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Autofluorescence of choroidal melanoma in 51 cases
  1. C L Shields,
  2. C Bianciotto,
  3. C Pirondini,
  4. M A Materin,
  5. S A Harmon,
  6. J A Shields
  1. Ocular Oncology Service, Wills Eye Institute, Thomas Jefferson University, Philadelphia, PA, USA
  1. Dr C L Shields, Ocular Oncology Service, Suite 1440, Wills Eye Institute, 840 Walnut Street, Philadelphia, PA 19107, USA; carol.shields{at}


Aim: To describe the autofluorescence features of choroidal melanoma.

Design: Non-comparative case series.

Participants: 51 consecutive patients.

Methods: Standard fundus photography and autofluorescence photography (580 nm excitation, 695 nm barrier filter) were performed on all patients. Clinical features were correlated with autofluorescence features.

Main outcome measure: Autofluorescence features of choroidal melanoma and overlying retinal pigment epithelium (RPE).

Results: The mean patient age was 59 years. The choroidal melanoma was a mean of 3.6 mm from the optic disc and 2.6 mm from the foveola. The mean tumour basal dimension was 11 mm and the mean tumour thickness was 4 mm. The choroidal melanoma showed intrinsic hypoautofluorescence (39%), isoautofluorescence (6%) and hyperautofluorescence (55%). Slightly increased hyperautofluorescence of the melanoma was found in pigmented tumours (versus non-pigmented), those with greater thickness and basal dimensions, and those with overlying disrupted RPE. Related RPE hyperplasia and atrophy showed hypoautofluorescence, drusen, RPE detachment and subretinal fluid showed slight hyperautofluorescence, and orange pigment displayed the brightest hyperautofluorescence.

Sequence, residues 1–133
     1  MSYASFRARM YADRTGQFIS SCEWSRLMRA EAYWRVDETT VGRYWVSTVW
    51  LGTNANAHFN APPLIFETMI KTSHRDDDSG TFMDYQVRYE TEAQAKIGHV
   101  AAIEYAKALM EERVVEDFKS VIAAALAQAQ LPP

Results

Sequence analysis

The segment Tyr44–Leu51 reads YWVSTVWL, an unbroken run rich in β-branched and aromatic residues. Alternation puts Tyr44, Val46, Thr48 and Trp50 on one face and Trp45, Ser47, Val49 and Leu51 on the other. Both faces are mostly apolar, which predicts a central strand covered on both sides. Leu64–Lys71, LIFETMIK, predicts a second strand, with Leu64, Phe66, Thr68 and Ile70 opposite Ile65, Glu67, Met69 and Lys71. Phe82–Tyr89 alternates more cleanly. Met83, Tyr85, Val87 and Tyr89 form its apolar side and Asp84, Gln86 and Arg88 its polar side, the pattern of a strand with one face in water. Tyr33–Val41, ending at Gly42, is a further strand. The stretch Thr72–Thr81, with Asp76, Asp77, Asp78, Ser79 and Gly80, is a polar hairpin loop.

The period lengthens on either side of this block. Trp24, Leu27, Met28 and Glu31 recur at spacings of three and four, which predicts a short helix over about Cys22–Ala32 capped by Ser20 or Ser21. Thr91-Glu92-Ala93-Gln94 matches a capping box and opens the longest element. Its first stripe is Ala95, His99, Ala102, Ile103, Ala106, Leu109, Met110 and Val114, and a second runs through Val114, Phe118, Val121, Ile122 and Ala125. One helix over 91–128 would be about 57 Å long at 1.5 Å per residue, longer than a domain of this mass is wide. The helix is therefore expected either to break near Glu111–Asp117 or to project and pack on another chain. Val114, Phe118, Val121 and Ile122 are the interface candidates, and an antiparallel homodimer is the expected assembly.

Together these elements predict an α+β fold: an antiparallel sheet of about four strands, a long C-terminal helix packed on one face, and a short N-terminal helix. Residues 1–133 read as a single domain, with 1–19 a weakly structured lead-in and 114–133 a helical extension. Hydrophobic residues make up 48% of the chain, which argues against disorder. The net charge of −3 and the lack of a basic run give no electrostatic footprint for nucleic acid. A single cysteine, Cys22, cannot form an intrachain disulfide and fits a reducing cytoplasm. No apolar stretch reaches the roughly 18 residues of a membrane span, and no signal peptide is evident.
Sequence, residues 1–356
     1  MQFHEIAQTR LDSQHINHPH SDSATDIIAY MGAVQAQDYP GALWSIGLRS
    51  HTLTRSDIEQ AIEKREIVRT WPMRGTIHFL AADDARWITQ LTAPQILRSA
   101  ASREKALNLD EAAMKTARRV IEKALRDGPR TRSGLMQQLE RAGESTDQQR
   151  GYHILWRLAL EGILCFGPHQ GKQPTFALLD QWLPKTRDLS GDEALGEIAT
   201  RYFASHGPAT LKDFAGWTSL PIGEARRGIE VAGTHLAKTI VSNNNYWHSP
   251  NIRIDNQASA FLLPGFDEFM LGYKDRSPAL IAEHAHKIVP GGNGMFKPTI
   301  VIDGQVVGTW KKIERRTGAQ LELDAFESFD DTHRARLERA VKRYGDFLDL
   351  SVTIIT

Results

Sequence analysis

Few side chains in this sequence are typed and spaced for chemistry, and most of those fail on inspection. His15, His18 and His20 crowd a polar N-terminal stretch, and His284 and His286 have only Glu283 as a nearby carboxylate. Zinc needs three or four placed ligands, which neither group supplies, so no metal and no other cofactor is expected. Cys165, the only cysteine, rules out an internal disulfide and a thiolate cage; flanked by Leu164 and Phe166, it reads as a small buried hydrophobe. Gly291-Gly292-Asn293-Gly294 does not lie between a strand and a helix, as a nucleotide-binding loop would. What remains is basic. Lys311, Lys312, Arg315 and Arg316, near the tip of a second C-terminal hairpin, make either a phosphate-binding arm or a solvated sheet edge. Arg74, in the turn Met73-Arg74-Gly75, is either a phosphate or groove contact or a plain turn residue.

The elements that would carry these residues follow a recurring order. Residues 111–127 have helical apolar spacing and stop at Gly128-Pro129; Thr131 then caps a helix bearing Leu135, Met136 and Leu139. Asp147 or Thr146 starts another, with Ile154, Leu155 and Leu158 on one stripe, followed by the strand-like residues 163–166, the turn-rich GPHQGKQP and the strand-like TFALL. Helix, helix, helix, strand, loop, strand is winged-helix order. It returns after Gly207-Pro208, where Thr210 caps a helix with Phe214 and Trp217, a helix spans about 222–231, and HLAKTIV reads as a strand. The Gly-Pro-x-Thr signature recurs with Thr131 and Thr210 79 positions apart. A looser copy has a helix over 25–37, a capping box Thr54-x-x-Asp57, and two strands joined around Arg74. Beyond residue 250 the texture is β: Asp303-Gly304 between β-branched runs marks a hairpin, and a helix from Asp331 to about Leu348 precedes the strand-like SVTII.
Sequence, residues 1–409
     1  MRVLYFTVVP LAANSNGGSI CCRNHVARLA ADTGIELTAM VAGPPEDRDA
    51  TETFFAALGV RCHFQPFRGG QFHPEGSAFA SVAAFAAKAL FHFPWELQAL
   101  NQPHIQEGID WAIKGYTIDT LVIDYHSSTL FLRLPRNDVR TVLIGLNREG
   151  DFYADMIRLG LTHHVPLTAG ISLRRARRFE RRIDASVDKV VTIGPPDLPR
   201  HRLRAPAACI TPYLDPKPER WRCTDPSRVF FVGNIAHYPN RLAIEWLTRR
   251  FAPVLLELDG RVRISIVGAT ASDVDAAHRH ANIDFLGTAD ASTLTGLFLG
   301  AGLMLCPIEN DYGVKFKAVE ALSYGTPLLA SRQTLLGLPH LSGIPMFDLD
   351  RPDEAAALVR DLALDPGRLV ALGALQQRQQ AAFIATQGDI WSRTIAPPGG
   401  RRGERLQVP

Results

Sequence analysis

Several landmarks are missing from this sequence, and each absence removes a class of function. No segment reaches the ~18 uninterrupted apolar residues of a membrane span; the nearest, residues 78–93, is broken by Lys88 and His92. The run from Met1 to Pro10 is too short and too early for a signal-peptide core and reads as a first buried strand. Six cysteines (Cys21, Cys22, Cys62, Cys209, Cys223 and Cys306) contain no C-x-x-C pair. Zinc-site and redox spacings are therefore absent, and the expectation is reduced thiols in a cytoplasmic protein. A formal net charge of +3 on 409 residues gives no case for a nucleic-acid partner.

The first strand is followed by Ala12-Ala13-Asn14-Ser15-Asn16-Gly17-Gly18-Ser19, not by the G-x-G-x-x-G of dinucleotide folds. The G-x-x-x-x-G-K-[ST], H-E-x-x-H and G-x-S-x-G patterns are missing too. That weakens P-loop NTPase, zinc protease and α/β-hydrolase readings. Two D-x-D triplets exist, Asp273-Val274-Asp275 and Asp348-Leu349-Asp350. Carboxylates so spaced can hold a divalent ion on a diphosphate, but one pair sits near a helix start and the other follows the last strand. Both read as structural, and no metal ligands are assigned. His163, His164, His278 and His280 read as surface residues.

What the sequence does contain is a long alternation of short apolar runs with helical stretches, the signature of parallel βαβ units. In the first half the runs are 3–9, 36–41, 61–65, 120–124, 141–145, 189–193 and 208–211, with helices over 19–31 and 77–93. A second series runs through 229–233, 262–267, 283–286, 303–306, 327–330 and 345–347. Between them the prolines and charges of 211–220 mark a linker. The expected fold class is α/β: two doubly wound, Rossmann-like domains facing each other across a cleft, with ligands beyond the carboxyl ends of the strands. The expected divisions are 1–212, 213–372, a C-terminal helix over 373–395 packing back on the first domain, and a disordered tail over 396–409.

Conclusions: Choroidal melanoma generally shows slight intrinsic hyperautofluorescence and the brightness increases with pigmented tumours, larger tumours, and those associated with disrupted RPE. Overlying orange pigment shows remarkably bright hyperautofluorescence.

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  • CLS has had full access to all the data in the study and takes responsibility for the integrity of the data and the accuracy of the data analysis.

  • Funding: Support provided by the Retina Research Foundation of the Retina Society in Cape Town, South Africa to CLS), the Paul Kayser International Award of Merit in Retina Research, Houston, TX (to JAS), a donation from Michael, Bruce, and Ellen Ratner, New York, NY (to JAS, CLS), Mellon Charitable Giving from the Martha W Rogers Charitable Trust, Philadelphia, PA (to CLS), the LuEsther Mertz Retina Research Foundation, New York, NY (to CLS), and the Eye Tumour Research Foundation, Philadelphia, PA (to CLS, JAS). The sponsors did not participate in the design or conduct of this study, in the collection, analysis or interpretation of the data, or in the preparation, review or approval of the manuscript.

  • Competing interests: None declared.

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